For about 8,000 Americans each year, it's the worst nightmare come true - getting bitten by a rattlesnake. Now, a new report has raised the bar on the danger of rattlesnake bites. Toxicologists in Arizona, Colorado and California, have observed an increase in the most extreme symptoms suffered by victims of the venomous snakes.
It's a unique sound that triggers a primal fear - a final warning from one of the planet's most venomous snakes. Our America Now wild animal wrangler Jules Sylvester has worked with snakes for many years.
"When we're talking about rattlesnakes, we're talking about an animal that is so classically American. When you see a rattlesnake in a movie, you know where you are. You're in the United States of America," says Sylvester.
"The fangs are designed to go deep into the flesh. The strike is almost like a boxer's punch. And when they've done that, they inject the venom. It goes through the kidneys, the liver, the heart, the lungs. Basically, the lights start going out. You have trouble breathing. Seeing. Hearing. Speaking. It'll kill you," says Sylvester.
Jules Sylvester has a good understanding of snakes. Since growing up in the bush country of East Africa, he's caught and handled more than 10,000 snakes. Jules has appeared in Discovery Channel specials. And, for two decades, he's been Hollywood's go-to guy when it comes to wrangling snakes in the movies.
Sylvester had the one thing that could scare Indiana Jones: He gave Salma Hayek her most provocative wardrobe piece in From Dusk till Dawn and he created havoc at 35,000 feet in Snakes on a Plane.
Sylvester says, "America's most dangerous rattlesnake is the Mojave Green Rattlesnake. It's probably got the most toxic venom of all the rattlesnakes in the United States!"
So what should you do if you run across this or any other rattlesnake?
"If you're walking down the trail or in the garden, and you come across a rattlesnake, you go 'Ooh, look a rattlesnake.' Stop. See the snake. Go the other way. Go around it. As long as you're further than three or four feet away, he's not going to screw with you," says Sylvester. "You don't need to beat up on it. You don't need to throw rocks and scream, shove people out of the way, panic. Just go the other way."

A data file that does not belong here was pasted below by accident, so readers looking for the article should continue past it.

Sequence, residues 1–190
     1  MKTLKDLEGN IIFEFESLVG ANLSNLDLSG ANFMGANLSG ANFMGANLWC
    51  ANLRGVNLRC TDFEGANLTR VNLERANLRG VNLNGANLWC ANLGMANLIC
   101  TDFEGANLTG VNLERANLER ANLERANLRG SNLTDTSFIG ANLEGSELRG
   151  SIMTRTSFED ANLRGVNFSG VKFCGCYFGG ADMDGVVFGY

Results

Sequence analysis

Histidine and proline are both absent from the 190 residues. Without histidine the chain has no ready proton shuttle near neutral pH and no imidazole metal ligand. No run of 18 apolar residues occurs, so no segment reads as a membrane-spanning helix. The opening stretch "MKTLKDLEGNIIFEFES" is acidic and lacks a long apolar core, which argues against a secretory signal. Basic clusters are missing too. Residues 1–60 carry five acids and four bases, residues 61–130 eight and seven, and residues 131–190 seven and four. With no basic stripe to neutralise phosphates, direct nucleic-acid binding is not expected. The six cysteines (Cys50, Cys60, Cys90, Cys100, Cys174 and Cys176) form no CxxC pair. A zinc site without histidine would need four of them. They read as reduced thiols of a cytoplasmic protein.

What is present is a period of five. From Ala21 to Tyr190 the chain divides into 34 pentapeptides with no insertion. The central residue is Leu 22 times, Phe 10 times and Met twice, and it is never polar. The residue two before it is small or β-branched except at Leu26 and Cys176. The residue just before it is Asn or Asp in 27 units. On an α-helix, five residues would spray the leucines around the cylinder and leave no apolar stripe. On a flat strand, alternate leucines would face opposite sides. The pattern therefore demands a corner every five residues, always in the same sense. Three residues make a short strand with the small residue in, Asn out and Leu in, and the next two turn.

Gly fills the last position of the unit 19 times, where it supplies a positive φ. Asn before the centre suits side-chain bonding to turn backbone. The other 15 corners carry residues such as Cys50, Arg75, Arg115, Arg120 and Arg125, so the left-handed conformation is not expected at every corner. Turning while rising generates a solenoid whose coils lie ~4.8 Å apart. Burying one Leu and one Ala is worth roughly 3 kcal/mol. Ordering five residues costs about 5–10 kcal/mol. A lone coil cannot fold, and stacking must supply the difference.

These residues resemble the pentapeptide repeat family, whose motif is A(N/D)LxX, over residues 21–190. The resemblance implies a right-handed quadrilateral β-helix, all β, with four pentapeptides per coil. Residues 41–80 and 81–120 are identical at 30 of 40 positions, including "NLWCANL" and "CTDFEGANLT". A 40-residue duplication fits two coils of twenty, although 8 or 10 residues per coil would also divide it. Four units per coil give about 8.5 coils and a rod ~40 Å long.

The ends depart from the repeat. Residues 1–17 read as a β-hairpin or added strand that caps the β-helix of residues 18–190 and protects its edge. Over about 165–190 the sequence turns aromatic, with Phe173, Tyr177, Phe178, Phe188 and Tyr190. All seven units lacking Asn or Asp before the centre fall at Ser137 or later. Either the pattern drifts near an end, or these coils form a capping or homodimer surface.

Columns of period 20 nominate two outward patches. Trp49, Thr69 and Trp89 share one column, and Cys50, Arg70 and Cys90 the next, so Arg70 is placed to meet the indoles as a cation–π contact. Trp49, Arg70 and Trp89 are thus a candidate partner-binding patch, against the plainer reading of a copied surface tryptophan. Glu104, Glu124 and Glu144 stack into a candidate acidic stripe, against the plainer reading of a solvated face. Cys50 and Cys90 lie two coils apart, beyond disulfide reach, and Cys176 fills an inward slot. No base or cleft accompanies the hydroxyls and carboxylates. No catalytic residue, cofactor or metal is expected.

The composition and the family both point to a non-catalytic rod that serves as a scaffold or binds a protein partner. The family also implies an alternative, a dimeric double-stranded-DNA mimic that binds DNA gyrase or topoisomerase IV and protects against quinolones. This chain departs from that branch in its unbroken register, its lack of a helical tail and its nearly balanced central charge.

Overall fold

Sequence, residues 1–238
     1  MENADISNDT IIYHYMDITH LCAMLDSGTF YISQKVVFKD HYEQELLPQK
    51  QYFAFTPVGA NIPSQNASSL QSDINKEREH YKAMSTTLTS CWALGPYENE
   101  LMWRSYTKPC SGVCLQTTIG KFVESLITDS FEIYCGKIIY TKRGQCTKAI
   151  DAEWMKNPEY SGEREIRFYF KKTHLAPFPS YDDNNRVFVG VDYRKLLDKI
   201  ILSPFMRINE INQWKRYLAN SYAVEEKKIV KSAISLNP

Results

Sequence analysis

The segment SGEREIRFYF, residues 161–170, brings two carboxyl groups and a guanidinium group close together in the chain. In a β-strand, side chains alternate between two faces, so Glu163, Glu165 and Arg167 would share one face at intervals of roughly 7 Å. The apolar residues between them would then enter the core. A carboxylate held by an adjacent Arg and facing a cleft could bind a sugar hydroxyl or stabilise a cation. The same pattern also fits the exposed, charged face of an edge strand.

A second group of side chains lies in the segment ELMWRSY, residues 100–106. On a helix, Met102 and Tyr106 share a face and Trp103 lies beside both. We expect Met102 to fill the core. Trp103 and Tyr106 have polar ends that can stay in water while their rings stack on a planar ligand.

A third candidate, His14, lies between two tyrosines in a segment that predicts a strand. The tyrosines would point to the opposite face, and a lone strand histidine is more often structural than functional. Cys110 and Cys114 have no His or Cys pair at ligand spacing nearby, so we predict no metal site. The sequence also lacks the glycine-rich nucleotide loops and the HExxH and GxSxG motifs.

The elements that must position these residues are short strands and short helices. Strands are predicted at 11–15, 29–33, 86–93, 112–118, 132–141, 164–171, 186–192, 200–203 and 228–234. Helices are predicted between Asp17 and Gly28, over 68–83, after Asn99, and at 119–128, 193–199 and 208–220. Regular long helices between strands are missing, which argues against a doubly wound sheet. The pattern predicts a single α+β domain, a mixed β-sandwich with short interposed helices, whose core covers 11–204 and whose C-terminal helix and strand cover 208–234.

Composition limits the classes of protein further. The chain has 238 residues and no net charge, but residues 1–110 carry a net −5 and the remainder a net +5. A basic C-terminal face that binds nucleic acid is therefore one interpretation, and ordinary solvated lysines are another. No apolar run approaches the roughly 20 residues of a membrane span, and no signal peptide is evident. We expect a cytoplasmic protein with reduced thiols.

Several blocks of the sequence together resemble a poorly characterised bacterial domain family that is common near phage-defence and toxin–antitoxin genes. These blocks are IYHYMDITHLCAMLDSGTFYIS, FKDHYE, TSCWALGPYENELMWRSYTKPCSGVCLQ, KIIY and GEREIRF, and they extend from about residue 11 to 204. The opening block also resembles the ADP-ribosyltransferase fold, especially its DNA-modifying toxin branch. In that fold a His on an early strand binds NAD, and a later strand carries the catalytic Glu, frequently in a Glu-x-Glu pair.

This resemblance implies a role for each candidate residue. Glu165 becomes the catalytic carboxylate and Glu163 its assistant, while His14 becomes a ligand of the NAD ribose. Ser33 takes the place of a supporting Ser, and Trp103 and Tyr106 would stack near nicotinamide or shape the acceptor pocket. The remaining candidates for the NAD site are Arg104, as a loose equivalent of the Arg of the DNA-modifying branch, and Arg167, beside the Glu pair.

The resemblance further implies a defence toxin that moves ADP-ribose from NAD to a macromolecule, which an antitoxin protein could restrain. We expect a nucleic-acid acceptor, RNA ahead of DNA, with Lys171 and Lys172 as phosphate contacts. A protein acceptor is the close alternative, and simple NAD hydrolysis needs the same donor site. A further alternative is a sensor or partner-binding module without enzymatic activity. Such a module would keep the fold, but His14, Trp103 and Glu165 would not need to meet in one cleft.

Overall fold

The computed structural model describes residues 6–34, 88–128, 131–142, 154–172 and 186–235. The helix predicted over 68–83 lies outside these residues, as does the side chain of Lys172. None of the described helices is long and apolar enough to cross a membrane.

According to Sylvester, the most aggressive rattlesnake in America is the Western Diamondback. They account for about 75 percent of snakebites and exist from Southern California all the way across Arizona, Texas, Oklahoma, and New Mexico.
If you are bitten by a rattlesnake, Sylvester says there are crucial things you must, and must not do, to stay alive.
"Your lifesaver will be the cell phone," he says. "Get on the cell phone, call 911, tell them exactly where you are if you know, tell them to come and get you. The last thing you want to do is start running. That pumps the heart, you're shoving all this venom around the body even faster, and it will kill you."
Other critical things to remember if you've received a venomous snakebite:
The antivenom stops anything from going any further, but what it doesn't stop is the damage that's already been done. So the longer it takes to get to a hospital, the more damage there is done. And it's irreparable. Understanding the dangers of rattlesnakes and how to protect yourself is important for all Americans, including those living east of the Mississippi.
One last thing Sylvester says is crucial to know about rattlesnakes: "The babies are more dangerous. One, because you can't see them. And two, they don't rattle. The venom's exactly the same. The only difference is that he's only got one drop. The mother's got about 15 drops. A quarter of a drop is quite lethal."
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